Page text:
The judgment day came and went away like the rapture. As usual journalists in Ghana were all over the place and there was a media blitz for peace to prevail in the round up to the judgment of the highest court of the land with regards to the election petition case.

Many panic buttons were pushed and the inhabitants of some parts of the country had various interpretations into the judgment day. Let me try to get into a few of those interpretations as I came across in Tamale.

At my workplace, some people were called to Accra to do biometric registrations and one of the persons who wasn’t called came to my office in confidence that he wanted to talk to me. The surreptitious manner in which he approached and entered the office got my antennae working at full alert.

He had heard a rumor that those who had been summoned to Accra to do the biometric registration were the legitimate workers of the organization and that after the judgment, the rest of us who weren’t summoned will be laid off.

This is a national organization and thirty six people from the whole of the region had been summoned. Could this 36 people do the work of the whole organization in the whole of the region?

I was dumbfounded how someone could come up with a theory like that. Moreover didn’t he realize that I also hadn’t been summoned to Accra?

Another interpretation is that when the judgment was pronounced, Nana Akufo Addo will become president of Ghana and he was going to put John Mahama in prison for usurping his office.

This meant that all the Mahama supporters in the northern region were going to be thrown into jail alongside their leader. So on the day of the judgment, a circular went round that nobody should wear any government agency tee shirt or paraphernalia with government agencies boldly emblazoned on them.

I found this quite astounding as to whether these organizations were government organizations and even if Akufo Addo took over he will be taking over the national patriotic party or take over the government of Ghana of which these various organizations fell under.

Finally in the most bizarre of incidents, my shoemaker who I have paid in full till the end of the year to produce for me one shoe every month calls me on Wednesday evening, prior to the judgment day on Thursday, to come for all the shoes he’s made for me and take my ‘balance’ on any shoes he hadn’t made if I didn’t and couldn’t choose any of the shoes he had already made in his shop.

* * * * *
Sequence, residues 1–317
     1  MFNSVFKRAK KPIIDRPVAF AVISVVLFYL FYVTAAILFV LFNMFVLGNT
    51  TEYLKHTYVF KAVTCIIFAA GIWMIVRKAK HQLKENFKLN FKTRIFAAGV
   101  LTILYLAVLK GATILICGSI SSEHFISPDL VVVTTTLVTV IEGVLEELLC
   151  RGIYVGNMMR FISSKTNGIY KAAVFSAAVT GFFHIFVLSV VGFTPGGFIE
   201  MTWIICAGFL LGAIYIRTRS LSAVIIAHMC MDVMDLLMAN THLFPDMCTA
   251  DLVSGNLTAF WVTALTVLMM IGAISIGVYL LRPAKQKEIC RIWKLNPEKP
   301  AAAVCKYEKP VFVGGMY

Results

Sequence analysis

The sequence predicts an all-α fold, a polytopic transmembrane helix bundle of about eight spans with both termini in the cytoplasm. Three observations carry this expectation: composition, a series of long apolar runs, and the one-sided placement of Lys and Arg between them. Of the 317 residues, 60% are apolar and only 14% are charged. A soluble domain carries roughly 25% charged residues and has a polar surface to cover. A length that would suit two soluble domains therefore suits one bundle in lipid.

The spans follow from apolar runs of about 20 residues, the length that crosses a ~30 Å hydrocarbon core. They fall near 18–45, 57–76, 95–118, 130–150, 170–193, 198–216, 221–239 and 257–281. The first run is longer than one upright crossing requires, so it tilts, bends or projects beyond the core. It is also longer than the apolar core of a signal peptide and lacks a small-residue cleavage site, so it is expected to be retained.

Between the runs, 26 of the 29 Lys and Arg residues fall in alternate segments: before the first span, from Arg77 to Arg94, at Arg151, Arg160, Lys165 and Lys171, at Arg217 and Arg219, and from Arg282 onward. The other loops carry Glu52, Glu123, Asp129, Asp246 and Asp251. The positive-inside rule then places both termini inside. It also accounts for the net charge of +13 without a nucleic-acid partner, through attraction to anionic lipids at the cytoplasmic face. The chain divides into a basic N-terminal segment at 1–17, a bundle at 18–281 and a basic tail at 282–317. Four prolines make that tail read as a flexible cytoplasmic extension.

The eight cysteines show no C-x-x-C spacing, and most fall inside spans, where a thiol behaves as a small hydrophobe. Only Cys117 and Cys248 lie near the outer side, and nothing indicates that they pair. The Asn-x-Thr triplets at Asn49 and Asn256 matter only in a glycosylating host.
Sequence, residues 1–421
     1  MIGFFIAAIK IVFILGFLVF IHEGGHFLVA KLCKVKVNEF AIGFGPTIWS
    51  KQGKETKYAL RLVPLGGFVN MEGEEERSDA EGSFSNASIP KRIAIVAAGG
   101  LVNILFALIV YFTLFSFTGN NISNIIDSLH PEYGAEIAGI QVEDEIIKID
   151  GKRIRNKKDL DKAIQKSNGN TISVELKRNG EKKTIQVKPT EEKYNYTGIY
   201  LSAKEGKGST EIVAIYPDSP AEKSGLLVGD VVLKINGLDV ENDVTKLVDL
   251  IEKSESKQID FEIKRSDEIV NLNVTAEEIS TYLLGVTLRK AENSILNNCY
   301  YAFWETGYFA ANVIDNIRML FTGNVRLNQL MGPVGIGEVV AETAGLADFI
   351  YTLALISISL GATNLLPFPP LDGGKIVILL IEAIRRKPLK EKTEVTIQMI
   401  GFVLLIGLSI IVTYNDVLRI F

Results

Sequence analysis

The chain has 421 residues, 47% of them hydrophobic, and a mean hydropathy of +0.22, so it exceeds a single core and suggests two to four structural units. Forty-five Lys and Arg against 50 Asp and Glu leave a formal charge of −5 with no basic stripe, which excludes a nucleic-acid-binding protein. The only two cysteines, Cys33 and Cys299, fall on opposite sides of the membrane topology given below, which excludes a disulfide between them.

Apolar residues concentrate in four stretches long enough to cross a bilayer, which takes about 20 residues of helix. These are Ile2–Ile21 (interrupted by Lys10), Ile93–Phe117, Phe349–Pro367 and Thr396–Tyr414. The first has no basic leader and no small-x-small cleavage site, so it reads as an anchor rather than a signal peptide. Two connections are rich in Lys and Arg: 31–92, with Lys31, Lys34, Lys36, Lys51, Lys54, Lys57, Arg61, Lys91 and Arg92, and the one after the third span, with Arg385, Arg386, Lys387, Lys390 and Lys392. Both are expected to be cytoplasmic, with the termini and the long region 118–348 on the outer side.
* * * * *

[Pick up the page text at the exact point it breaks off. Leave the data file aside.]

The man hardly ever calls me but on this day he was insistent and said he will wait for me even if it was ten pm at night to come see him before he leaves his shop. This is a man who closes shop at 7pm and won’t stay open for anything.

His reason? He didn’t know what will happen after the judgment and he was putting his house in order. After several calls, I had to tell him to just go home and if anything happened, it was my loss.

Sometimes I just can’t understand these people and the way their mind works. These are a people who when you are driving will not heed to the car horns when they walk in the middle of the street.

But Oh! Let there be rain clouds and the whole town goes into panic stations. People run helter-skelter in a panic to get to their homes.

It is not even a case of finding shelter; they want to get to their own homes. Hitherto where taxis take five people, when there are rain clouds there are no taxis at the station and people will allow themselves to cram in groups of seven – two in front, five at the back. And nobody complains.

There are usually no taxis in the station because the taxis are not even allowed to get to the station as passengers waylay the cars even before they get there.

Cloudy days are the only days that people struggle for commercial cars in Tamale and others also stand by the roadside begging for lifts in the general direction of their homes.

The total chaos is pretty evident in the rush of motorbikes and bicycles and any form of transport rushing to get home. It is just amazing that accidents hardly happen at times like these.